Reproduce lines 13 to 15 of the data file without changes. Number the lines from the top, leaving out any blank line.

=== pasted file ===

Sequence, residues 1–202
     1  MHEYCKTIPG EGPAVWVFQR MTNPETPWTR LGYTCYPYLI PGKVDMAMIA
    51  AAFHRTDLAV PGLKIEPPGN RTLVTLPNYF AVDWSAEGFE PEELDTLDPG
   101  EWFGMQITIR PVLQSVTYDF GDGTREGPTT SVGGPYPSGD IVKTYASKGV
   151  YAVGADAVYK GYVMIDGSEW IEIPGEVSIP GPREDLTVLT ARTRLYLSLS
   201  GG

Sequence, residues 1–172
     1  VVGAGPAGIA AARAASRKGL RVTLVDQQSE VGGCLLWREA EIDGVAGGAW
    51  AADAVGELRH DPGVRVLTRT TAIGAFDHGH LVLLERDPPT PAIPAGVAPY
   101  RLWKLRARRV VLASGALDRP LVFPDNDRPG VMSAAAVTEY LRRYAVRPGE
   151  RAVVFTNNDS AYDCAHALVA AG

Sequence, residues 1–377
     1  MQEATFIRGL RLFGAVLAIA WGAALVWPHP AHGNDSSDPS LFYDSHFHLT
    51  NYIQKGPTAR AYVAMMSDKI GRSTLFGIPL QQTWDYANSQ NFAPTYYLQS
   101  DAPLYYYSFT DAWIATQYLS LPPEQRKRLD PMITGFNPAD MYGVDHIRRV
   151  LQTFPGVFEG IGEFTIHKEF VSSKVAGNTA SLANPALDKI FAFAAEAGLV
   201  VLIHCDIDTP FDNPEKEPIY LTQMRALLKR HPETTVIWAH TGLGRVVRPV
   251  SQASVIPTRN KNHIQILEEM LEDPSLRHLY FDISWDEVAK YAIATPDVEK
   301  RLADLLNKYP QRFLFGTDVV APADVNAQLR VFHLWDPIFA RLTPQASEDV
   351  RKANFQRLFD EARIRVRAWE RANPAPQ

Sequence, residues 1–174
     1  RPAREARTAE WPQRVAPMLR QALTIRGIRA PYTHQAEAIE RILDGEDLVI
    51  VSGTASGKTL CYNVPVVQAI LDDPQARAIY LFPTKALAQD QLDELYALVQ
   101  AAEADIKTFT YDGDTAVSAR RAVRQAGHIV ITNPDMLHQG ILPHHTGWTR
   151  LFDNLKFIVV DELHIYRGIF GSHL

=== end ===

     1  MQEATFIRGL RLFGAVLAIA WGAALVWPHP AHGNDSSDPS LFYDSHFHLT
    51  NYIQKGPTAR AYVAMMSDKI GRSTLFGIPL QQTWDYANSQ NFAPTYYLQS
   101  DAPLYYYSFT DAWIATQYLS LPPEQRKRLD PMITGFNPAD MYGVDHIRRV